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Counting the Costs of Cybercrime. What Is the Impact of Cybercrime on My Company?

Counting the Costs of Cybercrime. What Is the Impact of Cybercrime on My Company?

David Cohen

A cyber-attack can cause enormous damage to your organisation:
Financial: A cyber-attack can lead to direct financial losses, for example, a phishing attack that leads to money being transferred to the hacker. There are also indirect financial losses when trying to resolve the incident as quickly as possible and also due to the potential loss of customers.
Operational: A cyber-attack can disrupt computer systems to the extent that they can no longer support daily business operations. This disruption will, of course, also have financial consequences.
Reputation: A cyber incident negatively impacts the company and can damage a reputation that has been built over years in the blink of an eye. Reputational damage will eventually lead to financial losses due to a direct impact on turnover and the additional costs incurred in rebuilding the reputation after the incident.
What can happen?
The damage caused by a cyber incident can be reduced to the acronym CIA (Confidentiality, Integrity, Availability):
Confidentiality: Data confidentiality can be impaired and sensitive information can fall into the wrong hands or into the public domain.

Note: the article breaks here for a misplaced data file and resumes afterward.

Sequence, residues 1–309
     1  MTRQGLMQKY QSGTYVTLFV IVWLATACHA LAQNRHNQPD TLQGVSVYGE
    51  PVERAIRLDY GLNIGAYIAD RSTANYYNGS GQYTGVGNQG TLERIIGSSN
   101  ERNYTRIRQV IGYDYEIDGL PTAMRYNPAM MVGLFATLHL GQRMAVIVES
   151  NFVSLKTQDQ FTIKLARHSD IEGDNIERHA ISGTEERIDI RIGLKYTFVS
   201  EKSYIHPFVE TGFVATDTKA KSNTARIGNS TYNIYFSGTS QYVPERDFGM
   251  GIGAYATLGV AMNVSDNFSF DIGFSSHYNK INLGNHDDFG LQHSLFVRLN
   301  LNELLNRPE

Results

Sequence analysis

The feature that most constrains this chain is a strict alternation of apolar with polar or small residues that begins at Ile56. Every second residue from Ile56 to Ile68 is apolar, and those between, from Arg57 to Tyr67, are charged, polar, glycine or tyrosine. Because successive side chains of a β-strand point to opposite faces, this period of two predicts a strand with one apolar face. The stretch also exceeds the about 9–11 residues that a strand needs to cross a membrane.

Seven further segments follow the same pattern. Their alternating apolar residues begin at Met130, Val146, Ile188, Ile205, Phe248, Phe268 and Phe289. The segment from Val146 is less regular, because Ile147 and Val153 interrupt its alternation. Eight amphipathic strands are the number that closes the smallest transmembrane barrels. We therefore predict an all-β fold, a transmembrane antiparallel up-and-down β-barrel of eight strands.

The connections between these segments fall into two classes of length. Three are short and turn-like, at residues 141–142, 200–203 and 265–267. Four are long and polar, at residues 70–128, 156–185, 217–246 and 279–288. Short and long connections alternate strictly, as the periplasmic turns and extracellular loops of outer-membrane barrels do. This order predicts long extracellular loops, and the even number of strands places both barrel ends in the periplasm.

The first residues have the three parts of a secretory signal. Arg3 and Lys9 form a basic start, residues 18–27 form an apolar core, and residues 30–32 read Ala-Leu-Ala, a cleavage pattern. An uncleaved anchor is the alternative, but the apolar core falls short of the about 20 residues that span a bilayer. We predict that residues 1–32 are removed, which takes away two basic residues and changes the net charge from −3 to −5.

Integrity: The integrity of data can be harmed due to intentional and unintentional incidents. Unauthorised modification of data can occur making it unusable or lead to errors.
Availability: The availability of systems and information can be compromised. Systems can go down and remain unavailable for an extended period and disrupt business operations.

To estimate the potential impact on your own organisation, you need to ask yourself what the most critical IT assets of the organisation are, and what can happen to them as a result of a cyber incident.
A couple of examples:

  • In a hospital, the medical patient file is the most critical asset. If unauthorised persons gain access to this information, then patients could suffer considerable harm. Consider, for example, the medical file of a well-known person that is leaked to the press.
  • In a technology company (e.g., biotech or IT), the principal asset is often its intellectual property (IP). If this was to be stolen, the company's entire competitive advantage could be lost. In this way, many business secrets have already ended up in the wrong hands.
  • In a production company, the production systems are often the most critical, while in a logistics company it is the logistics systems. If these systems go down, it can lead to interruptions in the production lines and in supply chain.
  • In a retail or B2C company, consumer information is critical, even more so when consumer profiling behaviour is performed or when payment data is stored.

These are the principal IT assets (systems and information) that need to be secured to avoid incidents. And when incidents do happen, good recovery plans and incident response procedures need to be in place to reduce the impact. IT is often not fully aware of which systems are the most critical from the business point of view. This exercise should therefore be carried out jointly by business and IT.
In the next article, David Cohen will look at the types of cybercrime and how they are perpetrated.